Nowadays, most kids’ movies pander to the parents in the crowd with a series of knowing references and adult humor — the kind that goes over the heads of younger viewers but provokes a knowing nod from their guardians. It’s a cynical approach that suggests children are inherently dumb, and therefore need to be condescended to, predominantly with dance sequences and fart jokes. The very best movies, the ones that stand the test of time and are passed down from generation to generation, understand that smart humor and a well-told story will have every member of the audience smiling along, regardless of age. Being kind of rude is fine, but it can’t form the basis of the entire production, and nowhere is this delicate balance more obvious than in The Addams Family.
Celebrating its 30th anniversary this month, the Barry Sonnenfeld-directed family film — equal parts kids’ horror and riotous ensemble piece — hasn’t aged a day since its release. In fact, the jokes have only got funnier in the intervening decades. By situating the action mostly in the Addams compound, where time appears to have stood still, The Addams Family also boasts a timeless quality. There’s an element of magical realism inherent to the Addams’ lifestyle, but the story still feels like it’s set in the real world, as though the characters exist somewhere on the outskirts of society, just out of reach of us normal people. Their wonderful, achingly gothic mansion is the ideal setting for the group’s endearing weirdness to flourish away from prying eyes. Indeed, anyone who ventures inside without being invited is promptly tossed out on their behind (or menaced by the enchanted gates).
Funnily enough, most festive horror movies now begin with a creepy Christmas carol, but The Addams Family arguably started the trend, at least in modern terms. The defiantly dark tone is established right off the bat as molten tar gets poured on a group of annoying carolers — later, in just one example of the movie’s intricate detailing, the damage is clearly visible on the front-facing walls of the house. No punches are pulled in realizing this vision of a spooky, ooky, kooky family who love each other more than anything and will defend their lifestyle at all costs. In stark contrast, the “normal” characters who feature are miserable, with poor Margaret (Dana Ivey) only finding happiness once she falls in love with Cousin It (John Franklin) and joins the clan herself. Despite the many devilishly dark accoutrements — a black wreath on the door, Granny’s various culinary horrors, the motor-boating cuckoo clock — the message is quite wholesome: love your family and always be true to yourself.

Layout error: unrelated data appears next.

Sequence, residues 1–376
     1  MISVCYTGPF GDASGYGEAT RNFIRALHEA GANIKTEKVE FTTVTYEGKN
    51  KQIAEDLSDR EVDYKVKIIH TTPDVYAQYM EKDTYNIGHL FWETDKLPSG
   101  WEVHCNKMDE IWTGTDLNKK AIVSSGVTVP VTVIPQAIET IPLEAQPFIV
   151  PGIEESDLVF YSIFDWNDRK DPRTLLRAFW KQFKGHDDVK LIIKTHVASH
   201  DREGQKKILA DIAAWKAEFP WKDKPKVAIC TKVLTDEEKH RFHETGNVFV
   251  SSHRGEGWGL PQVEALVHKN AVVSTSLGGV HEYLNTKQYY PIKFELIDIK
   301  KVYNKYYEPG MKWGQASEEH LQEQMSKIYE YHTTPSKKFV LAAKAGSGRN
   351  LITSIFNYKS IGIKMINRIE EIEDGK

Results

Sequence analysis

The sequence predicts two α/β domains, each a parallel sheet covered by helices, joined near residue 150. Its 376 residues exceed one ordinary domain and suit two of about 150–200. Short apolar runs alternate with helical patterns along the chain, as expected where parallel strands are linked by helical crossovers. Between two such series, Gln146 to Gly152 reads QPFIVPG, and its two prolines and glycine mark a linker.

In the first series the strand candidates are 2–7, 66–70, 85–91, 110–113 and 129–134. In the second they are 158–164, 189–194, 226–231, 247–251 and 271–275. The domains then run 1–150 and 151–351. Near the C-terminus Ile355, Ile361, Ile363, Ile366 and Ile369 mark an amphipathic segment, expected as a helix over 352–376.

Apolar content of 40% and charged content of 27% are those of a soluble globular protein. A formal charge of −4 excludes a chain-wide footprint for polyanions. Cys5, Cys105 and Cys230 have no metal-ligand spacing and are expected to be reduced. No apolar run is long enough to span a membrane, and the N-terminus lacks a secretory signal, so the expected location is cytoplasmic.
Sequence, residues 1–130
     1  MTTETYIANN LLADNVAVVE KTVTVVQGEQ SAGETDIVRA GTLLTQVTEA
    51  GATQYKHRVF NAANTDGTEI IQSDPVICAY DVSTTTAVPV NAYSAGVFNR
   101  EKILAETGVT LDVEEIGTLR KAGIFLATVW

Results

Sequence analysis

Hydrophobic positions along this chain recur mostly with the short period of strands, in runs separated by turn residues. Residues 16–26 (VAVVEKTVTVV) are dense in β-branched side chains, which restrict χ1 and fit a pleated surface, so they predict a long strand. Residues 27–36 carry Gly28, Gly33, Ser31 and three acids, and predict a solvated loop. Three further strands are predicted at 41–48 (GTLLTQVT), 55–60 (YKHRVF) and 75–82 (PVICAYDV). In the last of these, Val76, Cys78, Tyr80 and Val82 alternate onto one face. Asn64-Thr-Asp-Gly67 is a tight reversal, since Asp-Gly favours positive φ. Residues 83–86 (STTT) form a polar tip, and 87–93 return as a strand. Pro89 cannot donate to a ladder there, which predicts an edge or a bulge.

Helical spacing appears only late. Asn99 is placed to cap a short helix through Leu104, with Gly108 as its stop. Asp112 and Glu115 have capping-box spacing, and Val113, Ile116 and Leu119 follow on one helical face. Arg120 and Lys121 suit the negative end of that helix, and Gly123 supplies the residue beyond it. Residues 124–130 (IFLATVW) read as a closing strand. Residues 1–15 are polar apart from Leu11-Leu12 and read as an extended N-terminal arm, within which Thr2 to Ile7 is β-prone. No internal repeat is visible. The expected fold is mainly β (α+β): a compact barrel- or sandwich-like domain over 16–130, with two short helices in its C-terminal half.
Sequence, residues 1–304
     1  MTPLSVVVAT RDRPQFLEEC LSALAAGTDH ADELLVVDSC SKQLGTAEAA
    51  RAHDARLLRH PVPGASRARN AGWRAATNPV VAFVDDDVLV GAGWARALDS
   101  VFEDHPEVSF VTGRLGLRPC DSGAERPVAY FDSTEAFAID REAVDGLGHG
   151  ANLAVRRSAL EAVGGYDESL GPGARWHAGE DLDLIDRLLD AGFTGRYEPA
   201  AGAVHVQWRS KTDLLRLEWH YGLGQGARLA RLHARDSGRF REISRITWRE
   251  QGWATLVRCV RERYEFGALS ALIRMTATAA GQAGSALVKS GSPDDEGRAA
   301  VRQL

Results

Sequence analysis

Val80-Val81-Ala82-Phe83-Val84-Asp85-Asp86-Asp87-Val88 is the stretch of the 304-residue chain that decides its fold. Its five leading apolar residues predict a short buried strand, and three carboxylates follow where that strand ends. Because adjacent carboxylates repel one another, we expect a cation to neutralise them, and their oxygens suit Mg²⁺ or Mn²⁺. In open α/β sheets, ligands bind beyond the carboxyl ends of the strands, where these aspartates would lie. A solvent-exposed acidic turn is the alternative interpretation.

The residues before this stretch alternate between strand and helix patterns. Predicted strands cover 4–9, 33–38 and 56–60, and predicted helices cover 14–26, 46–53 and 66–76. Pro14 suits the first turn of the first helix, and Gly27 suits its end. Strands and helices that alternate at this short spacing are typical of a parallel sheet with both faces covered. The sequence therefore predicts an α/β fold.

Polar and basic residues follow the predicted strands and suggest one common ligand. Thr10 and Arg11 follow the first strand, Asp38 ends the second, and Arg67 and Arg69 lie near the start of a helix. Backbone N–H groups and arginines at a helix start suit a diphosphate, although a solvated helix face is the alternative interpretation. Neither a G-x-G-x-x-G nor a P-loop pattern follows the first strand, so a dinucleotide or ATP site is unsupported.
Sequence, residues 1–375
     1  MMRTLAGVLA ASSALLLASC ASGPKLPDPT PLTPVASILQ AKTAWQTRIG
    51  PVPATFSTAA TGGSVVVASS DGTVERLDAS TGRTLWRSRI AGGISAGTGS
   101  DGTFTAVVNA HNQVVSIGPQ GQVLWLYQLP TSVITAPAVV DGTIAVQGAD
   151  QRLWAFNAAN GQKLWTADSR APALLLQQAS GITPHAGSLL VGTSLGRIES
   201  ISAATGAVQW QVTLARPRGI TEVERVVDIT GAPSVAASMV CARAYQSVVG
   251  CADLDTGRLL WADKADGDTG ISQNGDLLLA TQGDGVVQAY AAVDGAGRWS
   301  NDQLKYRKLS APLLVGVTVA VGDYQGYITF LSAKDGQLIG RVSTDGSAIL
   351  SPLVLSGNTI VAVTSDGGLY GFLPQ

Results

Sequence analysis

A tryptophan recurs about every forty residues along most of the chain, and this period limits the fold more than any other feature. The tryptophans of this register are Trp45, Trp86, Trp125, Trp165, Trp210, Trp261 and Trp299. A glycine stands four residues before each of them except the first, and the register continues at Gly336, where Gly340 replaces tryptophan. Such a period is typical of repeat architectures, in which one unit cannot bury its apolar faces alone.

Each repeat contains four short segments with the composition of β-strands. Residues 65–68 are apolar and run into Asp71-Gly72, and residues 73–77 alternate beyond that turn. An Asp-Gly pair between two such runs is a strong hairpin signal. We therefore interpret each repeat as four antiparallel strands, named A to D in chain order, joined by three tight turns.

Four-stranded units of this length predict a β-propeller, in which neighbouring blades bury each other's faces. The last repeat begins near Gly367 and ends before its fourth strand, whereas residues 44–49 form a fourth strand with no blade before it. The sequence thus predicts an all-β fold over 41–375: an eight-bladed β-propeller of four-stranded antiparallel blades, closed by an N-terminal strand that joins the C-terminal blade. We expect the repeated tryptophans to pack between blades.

The Addams are frequently dismissed as idiots, but they’re not stupid — they just have different values to the rest of society. Although Morticia (Anjelica Huston) and Gomez (Raul Julia) exhibit a hilariously unhinged horniness towards each other (to the extent that Pinder-Schloss tells them to “knock it off” at one stage), theirs is a healthy relationship all round — very equal, supportive and loving. If anything, Morticia and Gomez teach kids how important it is to find the right partner and remain committed to that person accordingly. Besides, the Addams might be oddballs, but their values are solid. Wednesday (Christina Ricci), as her teacher tells Morticia, is a great student, and although the girl has shown an interest in the dark arts, her parents make it clear that she needs to complete college first. The movie wouldn’t work if the Addams were cartoonish, so it’s important that they’re grounded in society, with a recognizable attitude to paying their way (the monthly expenses) and supporting the arts (the auction, the kids’ school performance).
It helps enormously that Ricci and Jimmy Workman, who play Wednesday and Pugsley respectively, are such naturals. There isn’t an ounce of precocious stage kid energy to them, which is particularly impressive considering they’re newcomers and Workman was discovered in the waiting room after accompanying his sister to the initial auditions. The Addams Family is a beacon of hope for weird kids everywhere, since Wednesday and Pugsley are never forced to change who they are to fit in, nor do they care what anyone thinks. It’s evident the Addams family has been persecuted throughout history, which makes their stalwart refusal to bow down to the desires of the sheep-like masses even stronger. The simple yet intriguing central mystery about whether Fester (Christopher Lloyd) is truly an interloper demonstrates how firmly this tight-knit lot clings to their way of life, not because they’re inbred lunatics or staunch conservatives stuck in their ways, but because they’ve fought so hard.